We will continue to utilize a number of different avenues to gather your feedback including, but not limited to, CEO town hall meetings, senior leadership departmental rounds, staff meetings, huddles, employee focus groups, the blog, and the “Ask Tim” link on the intranet.

I appreciate your participation in the survey and look forward to working collaboratively to make CJW an exceptional place to work.

Taking Stock after the Tragedy in South Carolina

This week headlines were focused on the devastating massacre in Charleston, SC. Nine innocent people were killed at the hands of young psychotic man named Dylann Storm Roof. My heart goes out to those families and the community that will forever be impacted by his senseless act. There was, understandably, no shortage of media coverage on the tragedy. What stood out most in the stories from the major networks and newspapers were the ones that shared the victims’ individual stories. There are powerful teaching moments to be gleaned from the fallen victims who made a substantial impact both within their close knit families and the broader Emanuel African Methodist Episcopal Church. What resonates with me is the pervasive message of resilience and determination from the community to not only reflect and understand, but also, perhaps most importantly, to heal and move forward. It was a great reminder of the importance of surrounding ourselves with loved ones who we share deep personal connections through the best and the worst of times. It ultimately comes back to a focus on building and maintaining a strong culture.

I have the great honor and opportunity to see how a strong culture directly impacts patients in need every day at Chippenham & Johnston-Willis Hospitals (CJW). Most hospitals across the country have skilled clinicians and support teams that care for their patients, but not every hospital has a strong culture that binds the associates together in a meaningful way to deal with the most adverse situations. I am convinced that competent clinical skills are not enough without a strong and vibrant culture. The positive impact on our patients and their families is born from a supportive and healing culture of 3,000+ employees finding common bonds and a shared purpose for helping patients during their crisis.

In recent months we have been talking about our six core beliefs of simplify and focusing on what matters, living excellence every day, shattering silos to do what needs to be done, creating wow so patients remember us, owning the challenges until they are surmounted, and deciding what needs to be done and not waiting for permission. I am proud to see how CJW’s culture, which is created and owned by our employees, exemplifies those core values. The events this week in Charleston are another reminder that putting family first is a critical imperative for us all. Most of us think not only of our blood relatives as family, but also our work family, who we often spend more waking hours with each day. It is our culture that enables patients to heal when it is possible or pass with respect and dignity when it is not.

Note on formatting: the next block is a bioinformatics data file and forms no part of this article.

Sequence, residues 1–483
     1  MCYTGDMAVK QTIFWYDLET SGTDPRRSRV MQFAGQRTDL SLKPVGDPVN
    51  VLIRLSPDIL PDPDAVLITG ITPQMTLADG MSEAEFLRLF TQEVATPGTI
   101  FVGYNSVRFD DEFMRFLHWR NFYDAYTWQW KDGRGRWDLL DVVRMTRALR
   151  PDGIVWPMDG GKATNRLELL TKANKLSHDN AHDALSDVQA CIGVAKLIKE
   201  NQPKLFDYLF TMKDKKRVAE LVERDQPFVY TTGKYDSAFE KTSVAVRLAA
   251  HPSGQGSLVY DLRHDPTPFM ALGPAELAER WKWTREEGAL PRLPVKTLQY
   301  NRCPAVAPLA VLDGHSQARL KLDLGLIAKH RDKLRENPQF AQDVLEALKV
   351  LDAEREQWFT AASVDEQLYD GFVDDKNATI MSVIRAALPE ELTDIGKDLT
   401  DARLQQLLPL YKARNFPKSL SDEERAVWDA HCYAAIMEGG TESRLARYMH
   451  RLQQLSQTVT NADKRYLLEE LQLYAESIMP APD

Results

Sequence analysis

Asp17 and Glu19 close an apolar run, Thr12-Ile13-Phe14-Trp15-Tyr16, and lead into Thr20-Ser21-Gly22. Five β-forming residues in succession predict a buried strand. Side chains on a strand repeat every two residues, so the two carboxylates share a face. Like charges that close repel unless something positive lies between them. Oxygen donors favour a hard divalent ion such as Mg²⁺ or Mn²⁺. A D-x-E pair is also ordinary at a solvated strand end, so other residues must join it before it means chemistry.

Thank you for what you do to make CJW a special place in our community.

Expanding Emergency Services: Swift Creek ER

214023 Hancock Village 3 214023 Hancock Village 1 214023 Hancock Village 2This week we finalized the purchase of land on Hull Street/Rt. 360 for our new Freestanding Emergency Room to be named Swift Creek ER. We intend to immediately start construction on the 11 bed state-of-the-art facility in the next few weeks. The location is directly in front of Hobby Lobby (outside Rt. 288) where the Swift Creek reservoir crosses Hull Street. The 10,000 square foot center will include a traditional Adult ER, a dedicated Pediatric ER with separate entrance and waiting, state of the art CT scanner, behavioral health capabilities, and tele-medicine linkage to Chippenham & Johnston-Willis Hospitals (CJW). We expect the center to open shortly after the New Year in 2016. This location is important as it sits in the middle of one of the fastest growing areas of the greater Richmond metropolitan region. This service means that emergency care, when minutes often make a difference to clinical outcomes, will be closer to home. These patients can rest assured that, should they need hospital admissions, they can be immediately linked into one of our two campuses at CJW. Swift Creek ER will always be staffed by board-certified emergency medicine providers 24 hours a day, every day of the year.